8. My home was professionally decorated. Why would I need it to be staged to sell?

    This is a very common question that we always hear. The biggest difference between decorating and staging is: Decorating is about a personal reflection of the homeowners. What they like, who they are. It tells their story. It is about focusing on all the pretty stuff in a house including furniture, art and accessories. When a home is staged, many of the same pretty things can be used, but they need to be used in a way to show off the house, not the stuff. Every room should have a focal point that is highlighted. You need the buyer to focus on the house itself, the space, the architectural features of the house, the layout, the flow. Being distracted by pretty decorations and furnishings will distract a buyer from connecting with the house and the space itself.

  9. Does staging a house actually work? I’m sure my house will sell…..eventually.

    Yes, the investment of staging really works. Proven statistics show that a home that is professionally staged will sell 50-80% quicker than a non-staged home and for more money. The longer the house sits on the market, the greater the monthly holding costs and expenses incur related to that. In addition, as the days on market increase, buyers begin to wonder why no one else wanted this house, or what’s wrong with this house that they may not see. They will be reluctant to make a good offer thinking this could be to their benefit by making a low offer. After all, the house has been on the market for a while and no one else wanted it. They will begin to think the sellers are desperate and will take advantage of that situation.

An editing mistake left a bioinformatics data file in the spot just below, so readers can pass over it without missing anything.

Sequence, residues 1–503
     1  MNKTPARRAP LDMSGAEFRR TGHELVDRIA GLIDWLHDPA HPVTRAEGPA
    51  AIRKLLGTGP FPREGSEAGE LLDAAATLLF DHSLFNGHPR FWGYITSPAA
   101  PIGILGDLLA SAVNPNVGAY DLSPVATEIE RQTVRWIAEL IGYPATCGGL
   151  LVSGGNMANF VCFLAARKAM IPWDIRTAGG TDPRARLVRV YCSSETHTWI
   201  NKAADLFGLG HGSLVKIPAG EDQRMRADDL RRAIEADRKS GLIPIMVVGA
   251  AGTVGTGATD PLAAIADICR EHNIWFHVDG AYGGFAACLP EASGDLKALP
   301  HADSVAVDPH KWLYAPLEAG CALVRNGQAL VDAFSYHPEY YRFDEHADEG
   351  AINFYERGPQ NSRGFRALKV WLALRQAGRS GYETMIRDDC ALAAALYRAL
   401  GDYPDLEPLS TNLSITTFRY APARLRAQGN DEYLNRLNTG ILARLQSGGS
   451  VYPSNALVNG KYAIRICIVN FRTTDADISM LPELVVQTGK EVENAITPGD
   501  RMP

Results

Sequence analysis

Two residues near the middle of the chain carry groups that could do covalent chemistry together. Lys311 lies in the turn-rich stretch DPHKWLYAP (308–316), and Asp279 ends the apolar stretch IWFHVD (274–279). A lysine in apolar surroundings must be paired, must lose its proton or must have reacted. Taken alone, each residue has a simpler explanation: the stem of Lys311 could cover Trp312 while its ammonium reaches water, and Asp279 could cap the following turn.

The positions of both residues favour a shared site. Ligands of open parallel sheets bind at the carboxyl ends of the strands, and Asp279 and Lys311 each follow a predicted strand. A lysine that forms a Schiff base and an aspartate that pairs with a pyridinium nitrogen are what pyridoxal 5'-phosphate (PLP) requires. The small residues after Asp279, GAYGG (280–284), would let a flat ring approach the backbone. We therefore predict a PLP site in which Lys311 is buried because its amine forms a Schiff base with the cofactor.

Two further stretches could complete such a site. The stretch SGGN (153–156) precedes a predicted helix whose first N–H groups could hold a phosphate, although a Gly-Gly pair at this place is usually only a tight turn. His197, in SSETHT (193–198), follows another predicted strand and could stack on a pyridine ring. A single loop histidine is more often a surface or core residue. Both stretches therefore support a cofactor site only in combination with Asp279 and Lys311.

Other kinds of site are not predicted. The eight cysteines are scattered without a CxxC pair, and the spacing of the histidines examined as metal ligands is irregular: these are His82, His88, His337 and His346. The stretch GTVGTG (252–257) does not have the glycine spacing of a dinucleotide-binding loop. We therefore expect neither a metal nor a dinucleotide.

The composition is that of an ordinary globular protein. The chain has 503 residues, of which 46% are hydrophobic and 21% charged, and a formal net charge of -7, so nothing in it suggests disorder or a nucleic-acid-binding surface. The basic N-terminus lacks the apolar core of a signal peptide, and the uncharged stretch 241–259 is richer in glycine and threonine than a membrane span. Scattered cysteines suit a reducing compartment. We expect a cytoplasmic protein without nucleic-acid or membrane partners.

10. Why should I spend money staging a vacant house? The rooms look bigger and a buyer can picture their own things in the space.

    Actually, a staged home looks bigger with furniture in it. It gives a buyer perspective on the space. Seeing a sofa in a living room, they can look at that and see that theirs might be bigger, smaller, etc. and how it will fit. It also helps them to see how to arrange furnishings if the space is too big, too small or has an awkward layout.   A buyer also looks at an empty house as a seller being in a desperate situation. That they must have to sell, they’ve already left and given up on their own house. A buyer will use that to their advantage. Staging statistics also show that 9 out of 10 buyers can’t visualize a space or what to do with it. That’s nine out of ten people who come in who will not connect with a house. Furnishing a vacant house gives the buyer the emotional connection they need to see themselves living there. When a buyer starts talking about family meals in the dining room, or sitting around the fireplace in the winter, they are emotionally moving themselves in. They can’t do that in a vacant house. Because there is nothing to look at but the house, they only focus on the flaws they see whether it’s worn floors, cracks, in the walls, outdated fixtures, etc.